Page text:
Shariah (literally, “the path to the watering place”) is a central concept in Islam. It is God’s law, as derived from the Quran and the example of the Prophet Muhammad, and has far wider application than secular law. It is popularly associated with its most extreme application in societies like Afghanistan under the Taliban, including chopping off a hand as punishment for thievery.
But it has always been subject to interpretation by religious authorities, so its application has varied over time and geography, said Bernard G. Weiss, professor emeritus at the University of Utah and an authority on Islamic law.
“In the hands of terrorists, Shariah can be developed into a highly threatening, militant notion,” Weiss said. “In the hands of a contemporary Muslim thinker writing in the journal Religion and Law, Shariah becomes an essentially pacifist notion.”
The Arab Spring has set off a lively political and scholarly debate over the growing power of Islamists in Egypt, Tunisia and Libya. But those are all overwhelmingly Muslim countries. The idea that Shariah poses a danger in the United States, where the census pegs Muslims as less than 1 percent of the population, strikes many scholars as quixotic.
Even within that 1 percent, most U.S. Muslims have no enthusiasm for replacing federal and state law with Shariah, as some conservatives fear, let alone adopting such ancient prescriptions as stoning for adulterers, said Akbar Ahmed, chairman of Islamic studies at American University in Washington, who spent a year traveling the United States and interviewing Muslims for his 2010 book “Journey into America: The Challenge of Islam.”
The notion of a threat from Shariah to the United States “takes your breath away, it’s so absurd,” Ahmed said. He sees political demagoguery in the anti-Shariah campaign, which fueled rallies against mosques in the last two years from Manhattan to Tennessee.
All of the Republican presidential candidates have been asked about the supposed threat from Shariah. Rep. Michele Bachmann told the conservative Family Research Council in a November speech that Shariah “must be resisted across the United States,” endorsing moves by several states to prohibit judges from considering Shariah.
Mitt Romney said in a June debate: “We’re not going to have Shariah law applied in U.S. courts. That’s never going to happen.” He immediately added, “People of all faiths are welcome in this country.”
For Gingrich, concern about Shariah has been a far more prominent theme. He and his wife, Callista, produced and narrated a 2010 film on the threat from radical Islam, “America at Risk,” that discusses the danger of both terrorism and Shariah against a lurid background of terrorist bombings, bloody victims, wailing sirens and chanting Muslim crowds. (Callista Gingrich does say, at one point, “This is not a battle with the majority of Muslims, who are peaceful.”)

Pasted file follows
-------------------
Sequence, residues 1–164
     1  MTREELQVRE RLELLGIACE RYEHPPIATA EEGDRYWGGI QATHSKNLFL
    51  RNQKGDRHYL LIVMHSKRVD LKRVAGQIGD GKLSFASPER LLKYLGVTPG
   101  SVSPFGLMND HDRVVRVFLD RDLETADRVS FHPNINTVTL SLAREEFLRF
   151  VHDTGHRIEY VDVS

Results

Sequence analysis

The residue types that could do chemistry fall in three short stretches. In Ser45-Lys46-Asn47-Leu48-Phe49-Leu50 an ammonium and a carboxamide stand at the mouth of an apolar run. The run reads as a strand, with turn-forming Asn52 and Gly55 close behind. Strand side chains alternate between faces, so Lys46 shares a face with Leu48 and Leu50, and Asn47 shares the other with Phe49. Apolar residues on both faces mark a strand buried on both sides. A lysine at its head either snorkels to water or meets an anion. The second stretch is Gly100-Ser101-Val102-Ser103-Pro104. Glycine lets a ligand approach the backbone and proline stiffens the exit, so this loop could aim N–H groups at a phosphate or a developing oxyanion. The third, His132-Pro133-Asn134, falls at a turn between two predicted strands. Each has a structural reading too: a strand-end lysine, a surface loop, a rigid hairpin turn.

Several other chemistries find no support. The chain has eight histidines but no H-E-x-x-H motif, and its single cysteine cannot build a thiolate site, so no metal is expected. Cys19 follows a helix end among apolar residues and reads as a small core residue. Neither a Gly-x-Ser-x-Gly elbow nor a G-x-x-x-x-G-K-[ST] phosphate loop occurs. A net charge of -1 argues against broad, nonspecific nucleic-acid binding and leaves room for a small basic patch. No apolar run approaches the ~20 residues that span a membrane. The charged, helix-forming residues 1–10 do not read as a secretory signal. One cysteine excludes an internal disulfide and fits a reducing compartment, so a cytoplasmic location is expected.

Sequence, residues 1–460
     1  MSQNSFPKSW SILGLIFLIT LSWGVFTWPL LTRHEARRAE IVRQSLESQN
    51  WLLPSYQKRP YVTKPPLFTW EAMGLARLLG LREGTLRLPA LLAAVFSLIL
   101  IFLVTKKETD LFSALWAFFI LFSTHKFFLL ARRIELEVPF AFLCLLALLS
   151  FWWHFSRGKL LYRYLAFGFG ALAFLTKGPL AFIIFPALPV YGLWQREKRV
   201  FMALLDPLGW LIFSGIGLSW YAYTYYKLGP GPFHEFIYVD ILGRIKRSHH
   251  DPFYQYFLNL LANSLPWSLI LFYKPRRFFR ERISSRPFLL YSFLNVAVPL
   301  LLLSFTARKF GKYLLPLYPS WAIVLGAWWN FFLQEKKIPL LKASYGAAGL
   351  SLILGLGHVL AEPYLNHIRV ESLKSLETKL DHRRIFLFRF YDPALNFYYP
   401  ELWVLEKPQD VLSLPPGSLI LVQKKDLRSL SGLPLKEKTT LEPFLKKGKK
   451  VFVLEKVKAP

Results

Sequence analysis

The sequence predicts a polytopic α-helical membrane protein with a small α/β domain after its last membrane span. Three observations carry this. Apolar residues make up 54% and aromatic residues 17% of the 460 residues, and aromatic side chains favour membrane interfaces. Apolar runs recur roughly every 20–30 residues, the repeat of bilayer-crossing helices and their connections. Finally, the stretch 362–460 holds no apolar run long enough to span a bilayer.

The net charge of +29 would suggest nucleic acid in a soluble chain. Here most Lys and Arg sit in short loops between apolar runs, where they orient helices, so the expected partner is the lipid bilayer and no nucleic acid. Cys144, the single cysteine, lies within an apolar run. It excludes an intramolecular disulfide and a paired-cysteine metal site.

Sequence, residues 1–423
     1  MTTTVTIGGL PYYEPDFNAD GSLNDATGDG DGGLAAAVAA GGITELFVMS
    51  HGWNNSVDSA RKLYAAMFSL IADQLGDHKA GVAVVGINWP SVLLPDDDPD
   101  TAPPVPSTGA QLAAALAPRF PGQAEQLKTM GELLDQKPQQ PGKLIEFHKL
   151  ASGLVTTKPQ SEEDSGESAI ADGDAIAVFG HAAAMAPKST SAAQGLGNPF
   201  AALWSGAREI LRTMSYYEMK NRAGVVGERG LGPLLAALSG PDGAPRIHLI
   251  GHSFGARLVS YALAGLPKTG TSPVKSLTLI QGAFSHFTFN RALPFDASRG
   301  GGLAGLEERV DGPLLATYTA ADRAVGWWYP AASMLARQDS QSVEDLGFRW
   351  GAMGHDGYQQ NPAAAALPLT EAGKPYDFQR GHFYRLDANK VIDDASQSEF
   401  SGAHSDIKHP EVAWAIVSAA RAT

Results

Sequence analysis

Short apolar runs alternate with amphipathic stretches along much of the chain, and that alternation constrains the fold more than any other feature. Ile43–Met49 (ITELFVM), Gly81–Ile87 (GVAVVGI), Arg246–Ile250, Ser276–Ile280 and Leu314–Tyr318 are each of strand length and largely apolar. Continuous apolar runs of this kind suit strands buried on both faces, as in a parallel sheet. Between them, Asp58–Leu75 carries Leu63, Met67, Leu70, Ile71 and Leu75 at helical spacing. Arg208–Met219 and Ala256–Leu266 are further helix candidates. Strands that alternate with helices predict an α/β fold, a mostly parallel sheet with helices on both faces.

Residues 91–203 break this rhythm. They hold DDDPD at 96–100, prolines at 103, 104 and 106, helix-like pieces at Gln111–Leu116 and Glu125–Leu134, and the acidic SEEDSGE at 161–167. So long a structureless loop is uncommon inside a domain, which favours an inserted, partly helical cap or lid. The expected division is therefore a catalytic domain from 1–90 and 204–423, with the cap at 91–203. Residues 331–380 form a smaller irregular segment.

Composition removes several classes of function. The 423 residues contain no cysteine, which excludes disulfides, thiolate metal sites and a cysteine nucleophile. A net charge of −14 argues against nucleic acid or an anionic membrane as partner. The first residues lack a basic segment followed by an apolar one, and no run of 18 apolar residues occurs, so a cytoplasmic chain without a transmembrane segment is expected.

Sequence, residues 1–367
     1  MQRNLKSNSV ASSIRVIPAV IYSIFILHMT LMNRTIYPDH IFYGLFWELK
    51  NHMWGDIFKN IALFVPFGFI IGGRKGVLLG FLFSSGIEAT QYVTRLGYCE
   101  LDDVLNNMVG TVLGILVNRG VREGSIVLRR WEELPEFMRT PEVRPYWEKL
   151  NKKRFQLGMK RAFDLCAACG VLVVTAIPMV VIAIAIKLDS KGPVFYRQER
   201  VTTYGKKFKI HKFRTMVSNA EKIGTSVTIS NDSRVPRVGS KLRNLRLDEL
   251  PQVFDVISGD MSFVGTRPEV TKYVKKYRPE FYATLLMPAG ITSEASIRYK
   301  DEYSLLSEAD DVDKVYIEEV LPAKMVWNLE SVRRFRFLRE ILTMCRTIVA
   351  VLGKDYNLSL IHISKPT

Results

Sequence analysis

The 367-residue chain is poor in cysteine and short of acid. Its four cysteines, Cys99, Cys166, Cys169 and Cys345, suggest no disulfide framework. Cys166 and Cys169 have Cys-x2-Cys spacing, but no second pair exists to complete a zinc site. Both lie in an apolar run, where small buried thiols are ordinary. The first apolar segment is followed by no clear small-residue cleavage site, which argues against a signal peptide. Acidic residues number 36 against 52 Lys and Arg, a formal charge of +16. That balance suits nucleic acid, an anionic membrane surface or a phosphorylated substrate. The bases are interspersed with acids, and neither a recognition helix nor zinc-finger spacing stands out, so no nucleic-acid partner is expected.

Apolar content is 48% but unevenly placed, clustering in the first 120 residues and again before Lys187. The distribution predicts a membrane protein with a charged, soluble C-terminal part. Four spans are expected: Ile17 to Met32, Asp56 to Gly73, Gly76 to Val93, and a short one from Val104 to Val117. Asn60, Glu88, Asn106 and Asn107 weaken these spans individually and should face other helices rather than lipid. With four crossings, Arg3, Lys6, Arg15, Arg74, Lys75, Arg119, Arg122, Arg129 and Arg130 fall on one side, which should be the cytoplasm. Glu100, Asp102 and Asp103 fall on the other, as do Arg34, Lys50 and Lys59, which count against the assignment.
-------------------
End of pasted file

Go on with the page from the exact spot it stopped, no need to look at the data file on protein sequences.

One Muslim activist who is shown in the film calling for “separation of mosque and state,” Dr. M. Zuhdi Jasser, said he appreciated Gingrich’s support in an ideological contest with large Muslim advocacy groups in the United States that he believes have an Islamist slant.
But Jasser, a Phoenix, Ariz., physician and founder of the American Islamic Forum for Democracy, said non-Muslims like Gingrich were not the most effective advocates for what he believes is really a debate within Islam.
“Unfortunately, as long as a non-Muslim opens the discussion, whether it’s Gingrich or someone else, it’s going to hit a brick wall in the Muslim community,” Jasser said.
Mohamed Elibiary, a Muslim and an adviser to law enforcement agencies in Texas and to the Department of Homeland Security, is a conservative Republican who said he once idolized Gingrich. He said he no longer did.
He said the anti-Shariah campaign in the United States was “propaganda for jihadists,” offering fuel for the idea of a titanic clash of faiths. Those who truly want to protect American values should talk to Muslims, he said, not demonize them.
“There are plenty of American Muslim patriots who will defend American freedoms,” Elibiary said. “But you can’t be anti-Islam and find those allies.”
Pakistani army denies intention to oust government
ISLAMABAD Dec 23, 2011 — Pakistan's army chief has denied accusations that the military is seeking to oust the country's civilian government amid tension over a secret memo scandal.
Gen. Pervez Ashfaq Kayani said in a statement released Friday the army would continue to support democracy and respect the constitution.
Prime Minister Yousuf Raza Gilani claimed on Thursday there was a conspiracy under way to oust the government. He did not specifically point to the military, but said the army cannot operate as a "state within a state."